Folksonomy: Tagging w/o the Mess

There are many people who are worried about the idea of users (visitors to websites) placing tags on items for categorization.  It seems to me that people who are against any person (especially those they deem to be uneducated) creating tags or categories to place internet items are not wholly off base.  There could be a possibility that mis-educated, undereducated, or uneducated people would create a myriad of tags making it impossible for other users to utilize tag features to locate items on the internet.  They complain that it would be some sort of digital anarchy.

Recently, I have been increasingly using tags to organize websites using delicious.  This program allows me to locate a website, store the site, and tag it for future use.  For the most part I try to put as many tags on an item as I can. Basically, when I tag I am trying to forecast any and all keywords that can be associated with the item.  For instance, if I am tagging the website for the Imperial War Museum, I would create tags such as “primary sources, archive, museum, research, UK, war, imperialism” and so on.  This way, in the future, when I want to access the site, I can type in any one of the mentioned tags and be able to locate the source.

Why can’t the same thing be applied to items in a digital archive or a museum’s online collection.  I guess a lot of people will complain that typical, everyday users are not capable of creating meaningful tags.  But, honestly, meaningful to whom?  The purpose of museums (online, digital,or analog) is to store items and create access for the public.  Why would a museum want to spend exorbitant amounts of money to collect and store information, only to hide it.  I say let people tag and see what happens.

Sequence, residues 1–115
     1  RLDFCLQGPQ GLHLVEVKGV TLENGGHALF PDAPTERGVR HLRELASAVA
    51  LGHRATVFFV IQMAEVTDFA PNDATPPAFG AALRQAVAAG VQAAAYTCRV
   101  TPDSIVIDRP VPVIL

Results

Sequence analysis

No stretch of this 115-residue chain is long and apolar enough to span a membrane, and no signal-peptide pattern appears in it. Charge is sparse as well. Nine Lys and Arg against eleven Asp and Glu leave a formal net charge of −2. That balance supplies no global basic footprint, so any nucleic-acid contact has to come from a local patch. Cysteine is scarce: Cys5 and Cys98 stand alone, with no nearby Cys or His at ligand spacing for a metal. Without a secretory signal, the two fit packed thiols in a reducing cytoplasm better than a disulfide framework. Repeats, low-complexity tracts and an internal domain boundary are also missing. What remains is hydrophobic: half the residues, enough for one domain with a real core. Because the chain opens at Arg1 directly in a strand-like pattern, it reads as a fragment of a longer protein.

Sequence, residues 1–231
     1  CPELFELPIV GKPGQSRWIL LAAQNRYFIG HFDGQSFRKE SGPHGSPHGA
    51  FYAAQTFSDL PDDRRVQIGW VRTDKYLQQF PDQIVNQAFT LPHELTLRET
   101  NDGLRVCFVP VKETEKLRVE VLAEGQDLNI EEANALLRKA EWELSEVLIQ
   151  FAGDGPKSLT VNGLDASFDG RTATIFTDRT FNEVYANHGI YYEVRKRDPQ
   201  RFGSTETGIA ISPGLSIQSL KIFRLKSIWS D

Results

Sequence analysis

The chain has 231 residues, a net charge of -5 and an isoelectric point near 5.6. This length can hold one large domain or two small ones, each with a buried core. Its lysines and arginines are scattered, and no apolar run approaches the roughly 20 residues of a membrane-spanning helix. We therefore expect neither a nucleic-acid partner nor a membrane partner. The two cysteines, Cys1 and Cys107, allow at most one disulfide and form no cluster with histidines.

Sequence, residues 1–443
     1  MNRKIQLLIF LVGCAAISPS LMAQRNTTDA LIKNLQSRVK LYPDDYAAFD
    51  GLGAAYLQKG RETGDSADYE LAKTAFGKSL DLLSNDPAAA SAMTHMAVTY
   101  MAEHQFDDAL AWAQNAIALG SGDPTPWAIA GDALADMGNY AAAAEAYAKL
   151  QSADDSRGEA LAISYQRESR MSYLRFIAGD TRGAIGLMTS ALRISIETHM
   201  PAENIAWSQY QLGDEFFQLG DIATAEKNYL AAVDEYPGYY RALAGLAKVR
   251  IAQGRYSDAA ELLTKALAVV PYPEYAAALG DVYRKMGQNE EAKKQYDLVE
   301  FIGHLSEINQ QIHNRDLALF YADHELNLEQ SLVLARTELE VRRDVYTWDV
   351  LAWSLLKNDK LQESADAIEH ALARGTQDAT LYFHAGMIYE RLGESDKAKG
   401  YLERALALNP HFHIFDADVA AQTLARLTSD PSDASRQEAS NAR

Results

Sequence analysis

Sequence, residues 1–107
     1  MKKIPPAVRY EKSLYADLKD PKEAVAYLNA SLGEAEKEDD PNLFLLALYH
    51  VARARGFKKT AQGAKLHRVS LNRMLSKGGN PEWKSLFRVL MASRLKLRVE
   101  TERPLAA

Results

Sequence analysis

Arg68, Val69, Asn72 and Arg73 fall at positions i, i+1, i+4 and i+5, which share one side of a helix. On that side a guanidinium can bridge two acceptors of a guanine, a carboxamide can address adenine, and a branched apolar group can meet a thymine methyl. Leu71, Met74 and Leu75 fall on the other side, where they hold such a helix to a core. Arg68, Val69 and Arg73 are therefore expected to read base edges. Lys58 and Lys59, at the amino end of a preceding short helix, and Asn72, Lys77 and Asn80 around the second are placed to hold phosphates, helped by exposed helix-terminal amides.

The great thing about technology is that museums can monitor tags that people put on items and use add the relevant terms to the items tag database.  This process is identified by the term folksonomy which is where the end-user places their own tags on items and the best or most relevant tags become apart of the colloquial language to identify items.  You know, let the “folks” label items.  They are ultimately the end-user, so why not make it accessible.  I feel that this is just another way of making information accessible and relevant to everyone.  It’s the future, nay it is the present.  Museums: Don’t be left behind.

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